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Even though I've been dreaming about this trip for a long time, the preparation didn't match the enthusiasm. As a person who isn't that organised I left a lot of things to be done in the last weeks, days, and hours, and I paid a price for that.
The days that preceded my departure were very busy, full of tension, and with a mix of feelings: the sadness of saying goodbye to a lot of nice people who were part of my life in Holland for such a long time, the uncertainty of this kind of trip, and things that in the end didn't go as planned.
However on Wednesday, May the 8th, the big day had arrived and it was time to forget the troubles and just jump into my dream.
I woke up at 04:00 am, at 05:40 I boarded my train from Purmerend to Amsterdam. I got to Amsterdam at 06:15 and rode about 10 minutes from Central Station to Vondelpark. At Vondelpark I reset my odometer and officially began my trip, went back to Central Station, updated my Facebook and this blog, and 08:45 I was leaving Amsterdam.
The feeling was amazing, I was so happy and I couldn't believe that after so long it was really happening. Around Purmerend I realized that the landscape that had become so familiar, was now a special part of my trip. I yelled out, celebrating that moment, and a man who was walking his dog turned back to see what that act of craziness was. When I passed him on my bike I just said: "It's my first day!" The man then laughed.
It was a smooth ride until Den Oever, the town where I stayed my first night (at a Bed and Breakfast). The only problems I had were a result of my own stupidity. The first one was that I was able to break my bike on the first day of the trip (Yes, on the first day!!!!) I was on a very quiet road without any cars, and started to check extra information on my GPS. Suddenly I felt the hard impact of hitting something. Something that was just in front of me (Yes, just in front of me!!!!!).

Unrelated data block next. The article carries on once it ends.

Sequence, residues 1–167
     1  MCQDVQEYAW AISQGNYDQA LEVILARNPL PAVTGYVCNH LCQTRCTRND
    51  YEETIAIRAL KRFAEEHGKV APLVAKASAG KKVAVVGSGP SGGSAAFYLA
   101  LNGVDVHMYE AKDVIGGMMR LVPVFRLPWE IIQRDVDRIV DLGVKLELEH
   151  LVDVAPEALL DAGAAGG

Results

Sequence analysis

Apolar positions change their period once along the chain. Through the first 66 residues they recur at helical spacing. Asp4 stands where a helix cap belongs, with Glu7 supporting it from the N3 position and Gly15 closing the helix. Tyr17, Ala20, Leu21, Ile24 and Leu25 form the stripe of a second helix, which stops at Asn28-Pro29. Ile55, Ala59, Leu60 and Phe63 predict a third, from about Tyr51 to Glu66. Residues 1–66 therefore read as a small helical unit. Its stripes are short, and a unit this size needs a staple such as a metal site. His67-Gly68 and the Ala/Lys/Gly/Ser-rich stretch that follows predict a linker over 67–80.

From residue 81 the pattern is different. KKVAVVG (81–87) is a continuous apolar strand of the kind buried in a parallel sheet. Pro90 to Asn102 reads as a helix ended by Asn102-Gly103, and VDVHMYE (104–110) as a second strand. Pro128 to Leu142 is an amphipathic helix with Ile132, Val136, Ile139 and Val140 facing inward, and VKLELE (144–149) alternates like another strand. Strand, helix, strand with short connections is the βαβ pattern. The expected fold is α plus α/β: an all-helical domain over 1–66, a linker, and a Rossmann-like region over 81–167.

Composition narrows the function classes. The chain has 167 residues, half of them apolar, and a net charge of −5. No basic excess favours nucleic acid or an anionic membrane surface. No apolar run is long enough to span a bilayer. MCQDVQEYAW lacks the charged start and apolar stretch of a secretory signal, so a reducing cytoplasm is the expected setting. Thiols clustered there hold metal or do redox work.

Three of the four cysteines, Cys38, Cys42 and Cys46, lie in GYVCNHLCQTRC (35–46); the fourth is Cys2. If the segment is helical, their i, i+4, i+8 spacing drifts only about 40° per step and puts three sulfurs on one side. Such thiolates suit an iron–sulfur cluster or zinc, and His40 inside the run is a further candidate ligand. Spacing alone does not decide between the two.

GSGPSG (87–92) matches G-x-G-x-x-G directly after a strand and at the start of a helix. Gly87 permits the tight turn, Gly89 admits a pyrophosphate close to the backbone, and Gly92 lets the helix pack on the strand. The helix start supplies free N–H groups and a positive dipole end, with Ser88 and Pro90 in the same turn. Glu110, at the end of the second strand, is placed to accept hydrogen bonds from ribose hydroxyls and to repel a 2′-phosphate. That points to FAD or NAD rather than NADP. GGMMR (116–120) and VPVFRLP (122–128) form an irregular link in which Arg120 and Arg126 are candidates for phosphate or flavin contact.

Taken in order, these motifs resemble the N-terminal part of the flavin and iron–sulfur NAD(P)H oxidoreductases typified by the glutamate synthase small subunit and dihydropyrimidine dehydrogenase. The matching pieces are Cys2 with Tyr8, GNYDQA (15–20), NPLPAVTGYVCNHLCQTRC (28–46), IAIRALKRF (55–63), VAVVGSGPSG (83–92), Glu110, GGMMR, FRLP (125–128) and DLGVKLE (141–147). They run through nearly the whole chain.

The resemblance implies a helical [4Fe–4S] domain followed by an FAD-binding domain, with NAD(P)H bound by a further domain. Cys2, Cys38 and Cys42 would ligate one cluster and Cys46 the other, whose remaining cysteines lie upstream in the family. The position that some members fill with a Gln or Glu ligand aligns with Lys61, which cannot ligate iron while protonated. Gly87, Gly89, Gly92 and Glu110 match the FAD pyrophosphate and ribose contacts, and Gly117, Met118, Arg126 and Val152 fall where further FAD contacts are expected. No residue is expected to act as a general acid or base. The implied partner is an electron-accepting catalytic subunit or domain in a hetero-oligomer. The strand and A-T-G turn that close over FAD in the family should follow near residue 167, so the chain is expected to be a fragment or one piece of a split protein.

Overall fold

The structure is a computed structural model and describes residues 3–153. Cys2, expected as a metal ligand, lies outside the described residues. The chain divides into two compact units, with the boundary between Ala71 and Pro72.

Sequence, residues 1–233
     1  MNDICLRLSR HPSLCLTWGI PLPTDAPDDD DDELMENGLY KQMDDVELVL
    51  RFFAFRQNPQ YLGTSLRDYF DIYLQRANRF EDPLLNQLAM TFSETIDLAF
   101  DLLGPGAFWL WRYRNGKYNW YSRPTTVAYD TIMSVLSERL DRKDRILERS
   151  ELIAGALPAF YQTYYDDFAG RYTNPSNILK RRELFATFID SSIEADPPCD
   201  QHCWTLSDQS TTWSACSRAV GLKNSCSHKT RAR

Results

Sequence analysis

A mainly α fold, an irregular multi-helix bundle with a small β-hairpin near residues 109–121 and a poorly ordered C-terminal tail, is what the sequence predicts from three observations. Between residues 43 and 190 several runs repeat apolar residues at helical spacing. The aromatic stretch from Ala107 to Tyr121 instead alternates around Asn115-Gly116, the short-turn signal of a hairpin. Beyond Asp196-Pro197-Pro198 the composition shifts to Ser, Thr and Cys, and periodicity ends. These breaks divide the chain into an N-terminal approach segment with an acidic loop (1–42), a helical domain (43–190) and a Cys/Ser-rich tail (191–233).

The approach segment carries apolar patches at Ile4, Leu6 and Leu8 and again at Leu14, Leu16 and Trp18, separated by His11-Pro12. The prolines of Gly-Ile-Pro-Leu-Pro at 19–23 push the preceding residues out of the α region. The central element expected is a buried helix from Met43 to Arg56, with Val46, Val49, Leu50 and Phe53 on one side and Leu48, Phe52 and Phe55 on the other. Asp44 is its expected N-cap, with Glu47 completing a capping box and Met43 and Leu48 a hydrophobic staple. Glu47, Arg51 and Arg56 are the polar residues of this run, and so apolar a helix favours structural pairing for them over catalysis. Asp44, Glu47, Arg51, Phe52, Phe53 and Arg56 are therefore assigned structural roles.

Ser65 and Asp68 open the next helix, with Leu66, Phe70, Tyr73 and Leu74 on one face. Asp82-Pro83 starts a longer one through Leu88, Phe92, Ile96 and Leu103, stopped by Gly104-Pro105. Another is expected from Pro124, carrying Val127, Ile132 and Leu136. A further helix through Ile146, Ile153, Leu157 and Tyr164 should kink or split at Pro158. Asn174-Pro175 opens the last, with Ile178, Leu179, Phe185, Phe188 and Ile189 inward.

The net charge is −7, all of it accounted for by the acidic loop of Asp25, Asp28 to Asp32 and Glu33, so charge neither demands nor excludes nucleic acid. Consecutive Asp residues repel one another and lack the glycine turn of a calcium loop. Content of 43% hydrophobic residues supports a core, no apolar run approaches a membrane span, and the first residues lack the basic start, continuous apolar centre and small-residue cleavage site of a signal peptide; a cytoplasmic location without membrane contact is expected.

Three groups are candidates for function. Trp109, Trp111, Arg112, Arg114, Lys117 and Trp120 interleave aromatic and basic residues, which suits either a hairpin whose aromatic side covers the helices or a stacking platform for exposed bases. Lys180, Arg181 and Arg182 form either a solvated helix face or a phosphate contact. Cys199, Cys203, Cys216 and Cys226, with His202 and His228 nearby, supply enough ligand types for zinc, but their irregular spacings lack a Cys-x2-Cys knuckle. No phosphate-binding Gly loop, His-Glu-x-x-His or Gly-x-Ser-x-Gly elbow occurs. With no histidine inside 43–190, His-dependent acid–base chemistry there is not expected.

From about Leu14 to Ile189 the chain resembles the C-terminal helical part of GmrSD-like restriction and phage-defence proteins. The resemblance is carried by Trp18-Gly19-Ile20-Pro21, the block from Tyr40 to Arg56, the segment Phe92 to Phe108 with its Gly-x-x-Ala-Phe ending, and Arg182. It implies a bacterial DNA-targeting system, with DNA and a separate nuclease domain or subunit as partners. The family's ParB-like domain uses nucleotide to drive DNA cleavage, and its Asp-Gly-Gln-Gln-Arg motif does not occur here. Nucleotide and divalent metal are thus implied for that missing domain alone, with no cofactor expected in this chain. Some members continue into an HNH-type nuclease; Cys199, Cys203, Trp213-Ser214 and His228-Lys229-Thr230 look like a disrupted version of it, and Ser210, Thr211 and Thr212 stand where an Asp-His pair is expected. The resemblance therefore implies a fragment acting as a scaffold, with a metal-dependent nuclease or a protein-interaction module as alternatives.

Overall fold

The next day was a Holiday in Holland so I wasn't able to find any bike shop that was open. I decided to cycle to Groningen anyway, where I would definitely be able to repair my bike or even find parts for the bike if it was necessary.
So I crossed the Afsluitdijk dike with the kind help of the wind. It was very different from last year when I was going to Harlingen and had to face a big storm during my crossing, not being able to cycle faster than 7km/h, crossing the dike, which in normal conditions you can do in 1 or 1.5 hours, took me 4 or 5 hours. But this time everything was fine.
I crossed the border around 17:00, and before crossing my GPS ran out of battery so I didn't know exactly if I was still in Holland or already in Germany. I am sure that on the road there is some sign indicating the border, but the bike path was separated from the cars by farms, so I couldn't see one and because it's a rural area it was difficult to know.
I knew that I was no longer in Holland when I started asking for directions and wasn't able to find anyone who spoke English, so I had to stop in a cafe, recharge my GPS and ride to Leer, where I slept my first night in Germany.
In Leer my host was Markus, a CouchSurfing member that welcomed me into his apartment for the night. By the way, I find the CouchSurfing project amazing and I'll be using it during my trip as much as I can. (If you don't know what CouchSurfing is click here)
The next day I rode from Leer to a village called Wüsting, part of Oldenburg, where I stayed with another new friend from couch surfing during the weekend. Then I rode to Rotenburg, where I slept a night in a huge vila belonging to some nice guys. I got to Uelzen without a place to sleep, the person who was going to be my host had to cancel, I was just to tired to camp but that was looking like the only option, was it not for the kind hearted people from a big Lutheran Church in downtown, who provided me a room for the night.
Today I'm sleeping in a village called Wustermark, at a very nice couple's apartment. I'm the first CouchSurfing guest to come by. They said they were surprised when I sent the request, because it's a small village and not very far from Berlin. The guy has lived in Brazil and still speaks some Portuguese. They have a wonderful TV, the biggest and best TV I've ever seen, yesterday we went to bed at 02:30, after a lot of talking and playing with the TV.
So far I can only say that I'm happy, excited, and looking forward to what is ahead.
Ok guys, this is it for now, take care and I see you soon..